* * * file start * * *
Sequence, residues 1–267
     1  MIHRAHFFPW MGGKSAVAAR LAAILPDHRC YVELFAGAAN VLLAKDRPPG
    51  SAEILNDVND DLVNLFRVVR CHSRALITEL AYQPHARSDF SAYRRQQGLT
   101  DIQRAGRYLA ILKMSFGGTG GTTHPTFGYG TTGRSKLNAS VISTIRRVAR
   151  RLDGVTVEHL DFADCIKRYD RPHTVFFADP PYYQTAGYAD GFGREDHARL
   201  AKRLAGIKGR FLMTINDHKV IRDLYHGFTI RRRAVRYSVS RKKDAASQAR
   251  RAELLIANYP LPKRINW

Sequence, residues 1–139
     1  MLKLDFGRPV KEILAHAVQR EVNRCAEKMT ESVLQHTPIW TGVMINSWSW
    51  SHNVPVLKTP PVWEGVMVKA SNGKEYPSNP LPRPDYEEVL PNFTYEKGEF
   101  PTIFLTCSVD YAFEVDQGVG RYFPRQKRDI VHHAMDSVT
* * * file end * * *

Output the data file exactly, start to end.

Sequence, residues 1–267
     1  MIHRAHFFPW MGGKSAVAAR LAAILPDHRC YVELFAGAAN VLLAKDRPPG
    51  SAEILNDVND DLVNLFRVVR CHSRALITEL AYQPHARSDF SAYRRQQGLT
   101  DIQRAGRYLA ILKMSFGGTG GTTHPTFGYG TTGRSKLNAS VISTIRRVAR
   151  RLDGVTVEHL DFADCIKRYD RPHTVFFADP PYYQTAGYAD GFGREDHARL
   201  AKRLAGIKGR FLMTINDHKV IRDLYHGFTI RRRAVRYSVS RKKDAASQAR
   251  RAELLIANYP LPKRINW

Sequence, residues 1–139
     1  MLKLDFGRPV KEILAHAVQR EVNRCAEKMT ESVLQHTPIW TGVMINSWSW
    51  SHNVPVLKTP PVWEGVMVKA SNGKEYPSNP LPRPDYEEVL PNFTYEKGEF
   101  PTIFLTCSVD YAFEVDQGVG RYFPRQKRDI VHHAMDSVT